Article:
(photo courtesy of Ian D.)
When we get kids into paddling—kayaking, SUP, canoeing or packrafting—they can have a lifetime of fun and adventure on the water. But how young can they start?
Our friends at Paddle TV have a series of videos about getting kids into kayaking, canoeing and paddleboarding. Here are a few of their videos with some great suggestions for different ages:
When Can Kids Start Kayaking?
Here are some of this video’s take-aways:
- If you have a tandem kayak, even very young children can start kayaking in the front seat with an adult paddling in the stern.
- Kids as young as 4 years old can handle a paddle in the bow position of a tandem kayak. With a paddle their size, this is a great way to introduce them to paddling without them having to control the kayak.
- A child as young as 5 or 6 can start paddling their own kayak, depending on the child and the kayak. The key? They should ask for it!
- Before they take to the water in their own kayak, a child should be a confident swimmer and able (and willing) to take direction well.
When Can Kids Start Canoeing?
Take-aways from the video include:
- Choose a calm body of water, free from wind and waves.
Stay close enough to shore that you can swim to it, along with your child, if necessary.
- Average canoes can handle 2-3 small children plus two adults, with the kids sitting on the floor in the middle. Kids 7 and under are usually best in this scenario.
- Bring something to cushion the floor for them to sit on, and don’t forget the snacks!
- Kids 8 years old and up are ready to assume the bow position and learn basic paddling strokes and skills.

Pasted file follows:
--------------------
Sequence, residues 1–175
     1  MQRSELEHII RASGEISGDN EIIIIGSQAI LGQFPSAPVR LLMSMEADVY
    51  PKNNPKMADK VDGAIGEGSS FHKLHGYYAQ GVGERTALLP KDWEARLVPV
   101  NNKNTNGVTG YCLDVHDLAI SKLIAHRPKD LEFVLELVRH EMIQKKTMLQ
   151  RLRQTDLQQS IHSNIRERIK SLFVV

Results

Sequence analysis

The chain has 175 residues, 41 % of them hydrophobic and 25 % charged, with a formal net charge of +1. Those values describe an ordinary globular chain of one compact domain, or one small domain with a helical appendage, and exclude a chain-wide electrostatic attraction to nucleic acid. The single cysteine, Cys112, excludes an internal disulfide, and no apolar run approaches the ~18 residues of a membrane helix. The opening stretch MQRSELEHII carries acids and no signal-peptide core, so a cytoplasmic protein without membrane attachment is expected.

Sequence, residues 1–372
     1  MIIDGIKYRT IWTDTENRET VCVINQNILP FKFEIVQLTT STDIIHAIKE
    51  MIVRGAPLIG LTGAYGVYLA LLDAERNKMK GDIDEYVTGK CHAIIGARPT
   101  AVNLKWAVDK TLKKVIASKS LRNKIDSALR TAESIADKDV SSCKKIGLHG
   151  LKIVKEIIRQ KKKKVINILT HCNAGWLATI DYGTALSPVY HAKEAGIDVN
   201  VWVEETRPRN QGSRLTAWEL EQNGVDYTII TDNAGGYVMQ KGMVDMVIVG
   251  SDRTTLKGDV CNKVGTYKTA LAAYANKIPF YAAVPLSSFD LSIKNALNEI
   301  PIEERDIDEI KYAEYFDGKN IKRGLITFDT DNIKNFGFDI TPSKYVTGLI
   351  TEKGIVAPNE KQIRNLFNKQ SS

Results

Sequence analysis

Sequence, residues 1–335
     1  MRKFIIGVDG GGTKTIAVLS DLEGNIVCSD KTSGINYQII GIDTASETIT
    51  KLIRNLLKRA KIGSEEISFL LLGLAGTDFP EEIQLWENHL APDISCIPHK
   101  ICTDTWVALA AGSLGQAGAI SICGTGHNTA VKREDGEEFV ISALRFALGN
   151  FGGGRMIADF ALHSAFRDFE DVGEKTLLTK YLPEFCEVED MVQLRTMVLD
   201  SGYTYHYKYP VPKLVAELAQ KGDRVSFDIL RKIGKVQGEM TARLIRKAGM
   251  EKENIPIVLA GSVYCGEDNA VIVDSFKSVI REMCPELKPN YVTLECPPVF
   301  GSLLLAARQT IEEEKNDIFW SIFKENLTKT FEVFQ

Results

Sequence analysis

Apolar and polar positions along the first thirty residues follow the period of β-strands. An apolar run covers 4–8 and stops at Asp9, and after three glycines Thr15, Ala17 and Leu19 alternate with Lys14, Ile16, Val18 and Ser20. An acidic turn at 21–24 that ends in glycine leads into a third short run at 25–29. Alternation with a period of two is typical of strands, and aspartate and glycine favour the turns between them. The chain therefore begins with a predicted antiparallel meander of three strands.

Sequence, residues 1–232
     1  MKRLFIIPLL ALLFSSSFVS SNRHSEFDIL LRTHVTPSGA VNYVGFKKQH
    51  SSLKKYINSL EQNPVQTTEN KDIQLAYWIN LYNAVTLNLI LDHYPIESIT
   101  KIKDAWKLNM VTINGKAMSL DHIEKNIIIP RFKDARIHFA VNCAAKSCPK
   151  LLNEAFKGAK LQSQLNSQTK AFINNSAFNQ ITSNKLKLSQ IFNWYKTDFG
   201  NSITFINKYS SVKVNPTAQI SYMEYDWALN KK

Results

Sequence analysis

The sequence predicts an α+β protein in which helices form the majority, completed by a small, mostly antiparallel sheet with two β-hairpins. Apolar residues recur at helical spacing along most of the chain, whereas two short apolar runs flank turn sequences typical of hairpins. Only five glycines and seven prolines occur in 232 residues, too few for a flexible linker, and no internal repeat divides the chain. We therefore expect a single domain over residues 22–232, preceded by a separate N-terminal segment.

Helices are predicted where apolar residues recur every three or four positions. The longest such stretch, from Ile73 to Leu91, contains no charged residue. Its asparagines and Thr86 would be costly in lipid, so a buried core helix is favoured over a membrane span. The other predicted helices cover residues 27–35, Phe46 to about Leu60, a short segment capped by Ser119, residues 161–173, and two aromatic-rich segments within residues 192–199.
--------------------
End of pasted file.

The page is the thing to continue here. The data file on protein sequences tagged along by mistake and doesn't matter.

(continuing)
- Give your kids a paddle that’s their size. It’ll make paddling much easier until they grow into an adult-size paddle.
When Can Kids Start Paddleboarding?
Here are tips from this video:
- On calm water, away from wind and waves, kids can start to experience paddleboarding at almost any age.
- Young kids who don’t yet have the coordination to paddle themselves and control a SUP board, or those who aren’t confident swimmers, should start as a passenger on your board. Choose a larger, very stable board for this.
- Some children may be ready for their own board as young as 5 or 6. Others may not be ready until they’re a few years older.
- The most important thing is to wait until the child asks to paddle on their own.
- As with kayaking, a child who starts with his or her own board needs to be a confident swimmer and good at following directions.
Of course it’s a given that everyone in or on your boat will wear a Coast Guard-approved, well-fitting life jacket. On a paddleboard, use the leash to keep your board with you in case you or your child ends up in the water.
What paddle questions can we help answer? Contact our Wisconsin-based Customer Service team today: 715-755-3405 • [email protected]
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